Is it simply coincidence that every major CAD company is seeking to refine both the intricacy of geometrical expression and its testability in the environment at a time when the very notion of design is increasingly experiencing new political, social, and energy demands? There may not be a direct correlation. It is quite possible that our emerging uses of computation is simply an effect of the of greater processing power. Perhaps. Though perhaps it is in part a consequence of the changing nature of how we see architecture no longer as a point or an object in space, but rather as a function, a function of grids, of networks, of gradients. After all, we are in a situation in which half the world's population is now moving to cities of one million or more as well as the fact that (by some estimates) buildings constitute half our energy consumption (from development, to operation, to destruction).

Viollet-le-Duc, design for a market hall, 1864.

The grid has become turbulent, and the geometry dirty. It is incredibly suggestive and just as naïve to exchange the possibility of design within this context for metaphors from biology and Nature. Perhaps we should think of design not as a "solution," but as a continuous set of experiments with pressure. Surely geometry, when submitted to such pressure, will provide a number of unforeseen aspects that can only lead to incredible forms of experience, socially and spatially. Architecture, I want to say, is not an answer to problems of sustainability any more than it is the product of an equation (though that is certainly one possibility). Architecture always has an excess that overflows. But at the same time it would be a mistake to think that it shouldn't participate, and to the highest degree possible, and with the most advanced and available technologies, and with the greatest collaborative spirit with, say, engineering, and not submit itself to the same pressures of turbulence and raw matter.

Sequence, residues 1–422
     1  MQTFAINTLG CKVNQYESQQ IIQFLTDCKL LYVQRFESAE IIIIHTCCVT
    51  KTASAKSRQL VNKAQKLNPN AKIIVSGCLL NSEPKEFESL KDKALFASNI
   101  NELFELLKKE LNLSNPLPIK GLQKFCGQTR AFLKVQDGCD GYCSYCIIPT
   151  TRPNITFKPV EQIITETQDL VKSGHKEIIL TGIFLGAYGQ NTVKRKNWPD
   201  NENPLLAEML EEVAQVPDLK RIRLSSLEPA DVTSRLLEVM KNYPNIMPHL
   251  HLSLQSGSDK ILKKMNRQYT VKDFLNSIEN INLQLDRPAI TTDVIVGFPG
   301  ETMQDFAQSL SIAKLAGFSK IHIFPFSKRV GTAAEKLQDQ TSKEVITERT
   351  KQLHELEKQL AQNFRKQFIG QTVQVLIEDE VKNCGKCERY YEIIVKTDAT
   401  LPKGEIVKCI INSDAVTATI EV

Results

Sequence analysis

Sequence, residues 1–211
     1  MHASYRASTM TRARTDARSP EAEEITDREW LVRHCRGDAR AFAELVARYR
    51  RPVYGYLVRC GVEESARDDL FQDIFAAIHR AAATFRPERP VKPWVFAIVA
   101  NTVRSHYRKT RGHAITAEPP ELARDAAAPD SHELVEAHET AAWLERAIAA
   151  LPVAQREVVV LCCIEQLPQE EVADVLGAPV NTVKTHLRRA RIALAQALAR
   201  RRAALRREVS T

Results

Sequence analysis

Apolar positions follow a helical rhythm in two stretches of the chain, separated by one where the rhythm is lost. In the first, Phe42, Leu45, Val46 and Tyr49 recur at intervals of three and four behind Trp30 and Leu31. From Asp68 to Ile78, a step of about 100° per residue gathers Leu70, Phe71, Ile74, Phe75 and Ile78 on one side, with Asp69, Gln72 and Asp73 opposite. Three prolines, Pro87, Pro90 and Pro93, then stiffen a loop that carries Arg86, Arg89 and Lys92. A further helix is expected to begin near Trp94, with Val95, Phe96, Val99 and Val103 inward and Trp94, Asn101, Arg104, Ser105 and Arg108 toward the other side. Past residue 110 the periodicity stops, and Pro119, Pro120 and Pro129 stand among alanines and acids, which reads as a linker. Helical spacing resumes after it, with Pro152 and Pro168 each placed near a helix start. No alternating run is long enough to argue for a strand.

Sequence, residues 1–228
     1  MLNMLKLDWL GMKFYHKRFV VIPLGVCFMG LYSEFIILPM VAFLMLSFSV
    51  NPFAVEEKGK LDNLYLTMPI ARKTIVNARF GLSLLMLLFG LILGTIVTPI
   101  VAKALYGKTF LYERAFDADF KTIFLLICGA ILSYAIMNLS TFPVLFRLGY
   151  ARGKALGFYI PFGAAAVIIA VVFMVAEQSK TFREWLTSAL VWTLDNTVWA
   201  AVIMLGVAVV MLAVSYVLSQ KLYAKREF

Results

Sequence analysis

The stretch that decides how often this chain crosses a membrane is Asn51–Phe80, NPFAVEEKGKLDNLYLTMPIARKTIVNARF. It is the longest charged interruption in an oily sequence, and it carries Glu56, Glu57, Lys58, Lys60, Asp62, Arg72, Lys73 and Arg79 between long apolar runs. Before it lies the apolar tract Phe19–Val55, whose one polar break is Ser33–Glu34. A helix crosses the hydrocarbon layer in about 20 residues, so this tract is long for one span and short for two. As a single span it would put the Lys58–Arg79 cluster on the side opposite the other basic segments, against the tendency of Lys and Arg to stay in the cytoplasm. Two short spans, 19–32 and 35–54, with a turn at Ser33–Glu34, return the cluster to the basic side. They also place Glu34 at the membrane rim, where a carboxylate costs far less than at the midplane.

DENSITY. The historical background for this project belongs to architectural ideas developed out of problems of urban density. Viollet-le-Duc's interest in modern tectonics, materials, and engineering was coupled with a prescient notion of the city as a machine for density, which, in his proposal for a Market Hall, he topologically reconfigured by displacing the building's relation to the ground. Less than a century later, Hannes Meyer's Petersschule competition entry would propose something similar through what is perhaps the first computational design (he used a series of equations to define the parameters of the design. The competition entry is more like an excel spreadsheet).

Renzo Piano, project for an emergency hospital, London (date uncertain, mid 70s?).

Like Viollet-le-Duc, Meyer integrated modern technology, environmental and structural engineering with design and did so in a way that responded to the pressures as a function of gradient relations. A more contemporary version is of course to be found in projects like Renzo Piano's design for an emergency hospital, which erects itself in the middle of urban traffic. At stake today is not just a notion of advanced engineering and mechanics (these are static modes of geometrical inquiry, they are statements), or the spread-sheet calculations in Meyer and Le Corbusier alike (for example in the City of Tomorrow) but advanced computation and scripting.

Hannes Meyer, competition entry for Petersschule, 1927. Notice that the entry is almost entirely expressed through parametric equations.

Tokyo International Forum behind TMIT expressway and department stores, Yurakucho, Chiyoda-ku, Tokyo.

Two story restaurant beneath TMIT expressway, Yurakucho, Chiyoda-ku, Tokyo.

Tokyo International Forum, Rafael Vinoly, 1996, Chiyoda-ku, Tokyo.

This issue takes us back to JNL Durand's reformulation of the Vitruvian tradition and the emphasis on not only economy in general, but also economy of means. Spreading a base grammar across a gridded sheet in the form of squares, circles and semi-circles, Durand began to mix the discourses of engineering and architecture by offering the student an alternative logic, a complete syntactical system, for generating a design.